Attic Vents - An Overview

Whole House Attic Ventilation
Attic Vents - The Whole House Attic Vent

Creating adequate ventilation in a home's attic space is essential for removing moisture and condensation in colder months, and lowering excess heat in the warmer summer months. These and other factors can result in damage to the roofing materials and interior wood, and lead to higher energy costs.

Managing an attic's air circulation is done primarily through the use of vents in the roof and attic. There are several types of vents available, including soffit, ridge, gable and roof turbines. Most building codes for residential homes will require some sort of venting.


Attic Vents - The Soffit Vents


Soffit Vents
Soffit Vents For Your Attic

Soffit vents are placed in the roof's overhang, and allow airflow up into the attic. Soffit vents face downward and are screened to keep water, snow, insects, and other undesirable things from getting into the vents. The air that soffit vents allow in acts to cool the attic and increases airflow to reduce excess moisture in the attic space. Soffit vents are the most common form of attic venting in newer home construction.

During construction or renovation, it is critical that soffit vents are not covered by insulation on the home's interior, as this will obviously keep the soffit vents from doing their job. Covering soffit vents is a common problem associated with insulation installation.

Attic Vents - The Gable Vents

Gable Vent
Gable Vents

Gable vents are louvered openings in the attic that come in various shapes such as square, triangular, or round. Gable vents are designed to keep snow, wind, and rain out while allowing natural airflow into the attic space. Gable vents are typically installed just below the roof's peak on the attic wall, with a screened backing to keep critters and birds out.

Gable vents do provide some ventilation, but may not always be as efficient as other types of attic vents since they require a decent wind, move little air from soffit vents into the attic without powered fans, and allow for pockets of unmoved air which can lead to heat and moisture build-up.

Attic Vents - The Ridge Vents

Rolled Ridge Vent Materials
Rolled Ridge Vent Material

Ridge vents are one of the most effective and efficient types of attic vent. Ridge vents run along the entire span of a roof's peak, covered with shingles to make them unobtrusive and blend in with the overall design of the roof. Ridge vents hold an advantage over other types of attic vents. They ventilate the entire attic space evenly, maximizing air flow into the space. Ridge vents work equally well year-round, from the frigid cold winter months to the searing heat of the summertime.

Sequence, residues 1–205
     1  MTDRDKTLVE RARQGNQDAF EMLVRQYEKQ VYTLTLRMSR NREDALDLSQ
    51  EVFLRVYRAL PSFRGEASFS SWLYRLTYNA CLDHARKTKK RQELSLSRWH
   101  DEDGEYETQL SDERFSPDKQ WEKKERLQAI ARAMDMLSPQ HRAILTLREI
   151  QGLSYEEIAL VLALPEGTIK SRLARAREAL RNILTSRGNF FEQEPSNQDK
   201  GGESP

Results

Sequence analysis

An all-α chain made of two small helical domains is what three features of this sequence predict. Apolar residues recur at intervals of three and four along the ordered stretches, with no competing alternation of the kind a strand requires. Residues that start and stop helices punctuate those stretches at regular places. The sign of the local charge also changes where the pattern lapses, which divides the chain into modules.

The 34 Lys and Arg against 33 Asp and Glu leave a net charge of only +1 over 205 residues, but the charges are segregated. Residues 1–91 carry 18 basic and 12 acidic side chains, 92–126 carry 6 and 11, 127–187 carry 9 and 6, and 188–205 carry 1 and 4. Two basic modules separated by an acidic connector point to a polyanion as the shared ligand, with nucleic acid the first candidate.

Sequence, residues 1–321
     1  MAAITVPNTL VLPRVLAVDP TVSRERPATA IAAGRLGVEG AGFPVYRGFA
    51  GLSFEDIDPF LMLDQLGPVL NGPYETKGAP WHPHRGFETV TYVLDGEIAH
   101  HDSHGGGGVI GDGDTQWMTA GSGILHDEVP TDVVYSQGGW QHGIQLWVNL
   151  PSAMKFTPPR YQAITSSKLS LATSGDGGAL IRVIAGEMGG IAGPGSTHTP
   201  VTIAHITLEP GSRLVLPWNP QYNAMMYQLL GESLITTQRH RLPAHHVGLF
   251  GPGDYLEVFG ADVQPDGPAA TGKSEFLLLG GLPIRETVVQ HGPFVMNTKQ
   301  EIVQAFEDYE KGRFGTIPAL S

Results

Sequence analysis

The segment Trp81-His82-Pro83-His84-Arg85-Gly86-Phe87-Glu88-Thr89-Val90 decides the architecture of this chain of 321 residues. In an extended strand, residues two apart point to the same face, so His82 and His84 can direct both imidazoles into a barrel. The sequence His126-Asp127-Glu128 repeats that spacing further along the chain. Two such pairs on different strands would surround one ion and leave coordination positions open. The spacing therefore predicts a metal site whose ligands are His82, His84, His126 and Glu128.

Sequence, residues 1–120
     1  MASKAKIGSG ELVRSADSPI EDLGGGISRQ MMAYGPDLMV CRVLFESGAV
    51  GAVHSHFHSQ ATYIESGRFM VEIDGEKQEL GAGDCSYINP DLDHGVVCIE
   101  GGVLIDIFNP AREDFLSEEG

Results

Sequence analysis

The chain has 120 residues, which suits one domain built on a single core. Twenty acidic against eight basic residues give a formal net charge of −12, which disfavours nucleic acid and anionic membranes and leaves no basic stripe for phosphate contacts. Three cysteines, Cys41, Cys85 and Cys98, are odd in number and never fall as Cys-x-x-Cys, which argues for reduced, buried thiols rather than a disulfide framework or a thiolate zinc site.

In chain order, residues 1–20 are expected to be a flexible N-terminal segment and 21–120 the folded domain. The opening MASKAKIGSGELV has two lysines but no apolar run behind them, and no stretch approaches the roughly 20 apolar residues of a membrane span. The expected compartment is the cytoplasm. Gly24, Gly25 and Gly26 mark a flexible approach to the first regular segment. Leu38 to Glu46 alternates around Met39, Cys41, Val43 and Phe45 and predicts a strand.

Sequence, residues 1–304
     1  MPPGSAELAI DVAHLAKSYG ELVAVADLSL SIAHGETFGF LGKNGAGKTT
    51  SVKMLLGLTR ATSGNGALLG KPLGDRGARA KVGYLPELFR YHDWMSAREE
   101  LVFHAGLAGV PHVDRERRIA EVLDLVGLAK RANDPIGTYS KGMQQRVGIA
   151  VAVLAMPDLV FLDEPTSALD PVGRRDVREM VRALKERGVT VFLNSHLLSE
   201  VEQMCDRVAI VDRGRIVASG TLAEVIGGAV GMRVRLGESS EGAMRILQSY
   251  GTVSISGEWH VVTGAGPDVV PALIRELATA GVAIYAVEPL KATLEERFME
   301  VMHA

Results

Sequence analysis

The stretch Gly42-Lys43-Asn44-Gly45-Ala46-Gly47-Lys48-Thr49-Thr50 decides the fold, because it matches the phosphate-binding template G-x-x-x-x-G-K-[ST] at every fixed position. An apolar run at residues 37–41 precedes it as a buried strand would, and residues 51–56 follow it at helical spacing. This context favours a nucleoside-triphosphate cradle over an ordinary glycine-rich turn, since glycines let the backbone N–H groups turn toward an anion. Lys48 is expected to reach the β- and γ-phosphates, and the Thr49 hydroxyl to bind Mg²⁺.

Ridge vents are screened to keep bugs out, and their positioning under shingles protects them from the elements and keeps rain, snow and wind from penetrating into the attic. By placing ridge vents at the very peak of the roof, the risk of accidental covering or blockage is eliminated.

Attic Vents - The Roof Turbines

Roof Turbines
Roof Turbine Roof Vents

More common in commercial structures than in residential homes, roof turbines can be used to pump fresh air into and out of an attic.

Roof turbines use the natural power of the wind to spin a raised vent, which is connected to a fan blade that pulls an attic's hot air up and out of the vent tube.

Roof turbines typically work better in conjunction with other types of attic vents to ensure maximum air intake and refresh an attic's stagnant or heated air.

Attic Fans: A Powered Alternative

Solar Powered Gable Vent
Solar Powered Gable Vents

Some residential homes use attic fans in association with the other passive vent types described above to increase an attic's ventilation. Some attic fans use an automatic thermostat to turn on the fan when the attic air reaches a certain temperature to aid with venting.

Attic fans do use electricity so there is an increased use of energy in the home, as well as a higher up-front installation cost. If installed properly and used correctly, attic fans can create more in reduced heating or cooling cost savings than they create in electricity usage.

For a well-designed, super-efficient green home, there will often be enough insulation and natural air ventilation through passive venting to eliminate the need for a powered air fan. For green homeowners who need the extra boost in ventilation that attic fans provide, newer solar powered fans are available that are powered by the energy of the sun during the hot parts of the day when a fan is needed that require no electricity at all.

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